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CFDs are complex instruments and come with a high risk of losing money rapidly due to leverage. Please ensure you fully understand the risks involved. CFDs are complex instruments and come with a high risk of losing money rapidly due to leverage. Please ensure you fully understand the risks involved.

M2 definition

What is M2?

M2 is a classification of money supply. It includes M1 – which is comprised of cash outside of the private banking system plus current account deposits – while also including capital in savings accounts, money market accounts and retail mutual funds, and time deposits of under $100,000.

M2 is a broader classification than M1 because it includes assets which are still highly liquid but that are not exclusively cash. M2 is mostly used as a classification for money supply in the eurozone and America; in the UK, the official designations are limited to M0 and M4.

Any increase in money supply is important information for forex traders, because increased supply could reduce the price of a currency – assuming demand remains the same.

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M2 and inflation

M2 is used as an indicator of possible increases or decreases in inflation levels. This is because it is a broader measure of the money supply in an economy than when compared with M1 – which only looks at money that is in the hands of the public.

As a result, M2 offers a more comprehensive overview of inflation levels because if the M2 monetary supply is increased, inflation could rise. Equally, if M2 supply is restricted by central banks, inflation could fall. However, it is generally accepted that there is a lag of between 12 to 18 months for inflation levels to respond to increased monetary supply.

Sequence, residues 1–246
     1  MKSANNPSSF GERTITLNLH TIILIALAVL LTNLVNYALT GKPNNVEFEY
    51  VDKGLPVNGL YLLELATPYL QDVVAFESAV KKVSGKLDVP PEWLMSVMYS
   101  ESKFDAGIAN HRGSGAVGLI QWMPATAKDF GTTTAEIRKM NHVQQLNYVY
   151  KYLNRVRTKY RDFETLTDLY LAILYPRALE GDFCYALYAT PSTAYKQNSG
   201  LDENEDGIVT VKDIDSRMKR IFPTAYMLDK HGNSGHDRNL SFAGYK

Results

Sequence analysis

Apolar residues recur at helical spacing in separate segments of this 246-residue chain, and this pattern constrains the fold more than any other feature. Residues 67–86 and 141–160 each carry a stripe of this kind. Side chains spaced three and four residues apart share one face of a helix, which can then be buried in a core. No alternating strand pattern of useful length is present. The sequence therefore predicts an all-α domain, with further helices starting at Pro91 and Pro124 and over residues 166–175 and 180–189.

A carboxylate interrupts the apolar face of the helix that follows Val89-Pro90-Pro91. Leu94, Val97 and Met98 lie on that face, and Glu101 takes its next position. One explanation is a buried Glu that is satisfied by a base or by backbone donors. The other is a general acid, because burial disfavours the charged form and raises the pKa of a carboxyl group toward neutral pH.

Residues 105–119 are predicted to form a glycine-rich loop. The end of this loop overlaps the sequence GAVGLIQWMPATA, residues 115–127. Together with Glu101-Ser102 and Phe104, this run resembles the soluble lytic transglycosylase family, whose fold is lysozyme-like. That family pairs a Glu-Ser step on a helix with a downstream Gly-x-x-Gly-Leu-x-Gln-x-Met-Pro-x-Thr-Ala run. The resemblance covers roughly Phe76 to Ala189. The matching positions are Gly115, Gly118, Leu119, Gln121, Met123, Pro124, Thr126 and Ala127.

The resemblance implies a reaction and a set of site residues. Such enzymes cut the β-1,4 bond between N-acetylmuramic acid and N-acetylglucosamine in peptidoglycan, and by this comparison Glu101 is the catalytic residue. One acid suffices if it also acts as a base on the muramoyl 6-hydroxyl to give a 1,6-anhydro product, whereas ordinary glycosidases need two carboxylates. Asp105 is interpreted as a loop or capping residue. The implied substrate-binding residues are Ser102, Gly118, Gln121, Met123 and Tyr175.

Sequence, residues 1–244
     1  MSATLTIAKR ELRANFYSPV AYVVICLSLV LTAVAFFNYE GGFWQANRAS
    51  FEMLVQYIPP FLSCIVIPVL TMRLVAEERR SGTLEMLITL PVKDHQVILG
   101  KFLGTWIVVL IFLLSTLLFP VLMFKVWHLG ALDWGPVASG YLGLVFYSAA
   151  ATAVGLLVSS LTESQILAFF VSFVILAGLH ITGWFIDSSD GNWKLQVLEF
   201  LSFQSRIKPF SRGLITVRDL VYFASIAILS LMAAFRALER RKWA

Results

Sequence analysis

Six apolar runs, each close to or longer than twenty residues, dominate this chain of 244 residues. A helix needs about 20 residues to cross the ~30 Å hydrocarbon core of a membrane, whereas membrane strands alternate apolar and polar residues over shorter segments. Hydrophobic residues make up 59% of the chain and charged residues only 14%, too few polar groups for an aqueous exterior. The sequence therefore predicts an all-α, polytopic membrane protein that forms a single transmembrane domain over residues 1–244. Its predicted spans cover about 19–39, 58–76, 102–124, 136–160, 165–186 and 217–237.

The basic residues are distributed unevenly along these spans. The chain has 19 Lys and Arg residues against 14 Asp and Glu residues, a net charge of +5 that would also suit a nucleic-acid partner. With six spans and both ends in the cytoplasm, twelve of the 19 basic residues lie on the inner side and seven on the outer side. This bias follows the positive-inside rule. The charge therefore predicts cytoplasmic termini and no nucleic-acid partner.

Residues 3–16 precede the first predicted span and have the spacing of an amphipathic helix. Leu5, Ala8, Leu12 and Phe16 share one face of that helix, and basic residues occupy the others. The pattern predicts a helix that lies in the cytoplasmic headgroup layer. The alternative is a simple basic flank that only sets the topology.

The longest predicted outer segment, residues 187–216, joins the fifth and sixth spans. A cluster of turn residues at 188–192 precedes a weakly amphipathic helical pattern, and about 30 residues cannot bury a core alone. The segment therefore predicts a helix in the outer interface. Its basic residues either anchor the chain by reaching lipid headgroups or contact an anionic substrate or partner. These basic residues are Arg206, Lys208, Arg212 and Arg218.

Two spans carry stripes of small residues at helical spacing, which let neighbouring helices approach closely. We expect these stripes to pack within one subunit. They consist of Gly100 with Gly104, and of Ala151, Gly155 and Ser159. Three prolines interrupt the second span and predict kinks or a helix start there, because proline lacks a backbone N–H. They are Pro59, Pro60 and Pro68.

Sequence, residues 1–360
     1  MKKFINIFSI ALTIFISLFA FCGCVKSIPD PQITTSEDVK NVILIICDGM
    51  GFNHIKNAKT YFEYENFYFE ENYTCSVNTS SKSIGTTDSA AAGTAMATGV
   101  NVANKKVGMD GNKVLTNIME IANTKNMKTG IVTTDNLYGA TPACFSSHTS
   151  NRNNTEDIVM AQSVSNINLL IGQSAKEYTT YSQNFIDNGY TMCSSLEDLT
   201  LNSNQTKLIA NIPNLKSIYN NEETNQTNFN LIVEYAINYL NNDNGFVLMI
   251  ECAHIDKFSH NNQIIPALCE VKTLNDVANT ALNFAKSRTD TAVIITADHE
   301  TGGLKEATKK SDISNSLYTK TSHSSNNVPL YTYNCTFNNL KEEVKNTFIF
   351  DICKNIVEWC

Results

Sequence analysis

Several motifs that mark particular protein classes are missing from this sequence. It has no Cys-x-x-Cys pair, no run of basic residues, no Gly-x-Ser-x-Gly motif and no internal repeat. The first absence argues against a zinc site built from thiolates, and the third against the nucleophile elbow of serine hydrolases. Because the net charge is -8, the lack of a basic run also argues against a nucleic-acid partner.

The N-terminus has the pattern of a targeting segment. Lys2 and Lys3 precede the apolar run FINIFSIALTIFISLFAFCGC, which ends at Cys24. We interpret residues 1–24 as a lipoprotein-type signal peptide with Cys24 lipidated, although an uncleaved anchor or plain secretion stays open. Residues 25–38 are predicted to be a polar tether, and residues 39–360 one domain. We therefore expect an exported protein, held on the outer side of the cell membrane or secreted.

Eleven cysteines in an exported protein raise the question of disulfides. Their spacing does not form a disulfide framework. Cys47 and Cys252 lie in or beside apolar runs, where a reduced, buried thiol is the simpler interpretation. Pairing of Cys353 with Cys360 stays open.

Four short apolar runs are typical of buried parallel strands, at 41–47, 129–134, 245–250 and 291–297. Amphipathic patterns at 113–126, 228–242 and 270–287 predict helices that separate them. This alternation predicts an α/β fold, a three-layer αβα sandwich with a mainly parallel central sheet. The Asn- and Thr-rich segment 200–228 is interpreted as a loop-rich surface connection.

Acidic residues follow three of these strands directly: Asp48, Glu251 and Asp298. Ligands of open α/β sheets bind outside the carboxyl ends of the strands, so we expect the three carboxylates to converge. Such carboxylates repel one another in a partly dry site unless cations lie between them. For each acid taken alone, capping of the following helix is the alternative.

Also, inflation will only rise if monetary supply is increased but economic output remains the same. If economic output increases alongside money supply, then inflation might not increase at all.

How do central banks influence M2?

Central banks can influence M2 supply by either issuing more money into the economy or by incentivising people to spend less. Quantitative easing is one way that a central bank can increase money supply and stimulate the economy.

To reduce the supply of M2 in an economy, a central bank might issue bonds or other government-backed securities which lenders can buy; in doing so, they loan the government money. This means that a central bank’s money reserves increase at the expense of the money available in the economy.

Central banks can also increase or decrease interest rates to influence M2. If interest rates are lower, borrowing will likely become more popular, which will increase the supply of money. Conversely, if interest rates rise, then the cost of borrowing will also go up which will deter people from taking out loans. This will decrease the M2 money supply in an economy.

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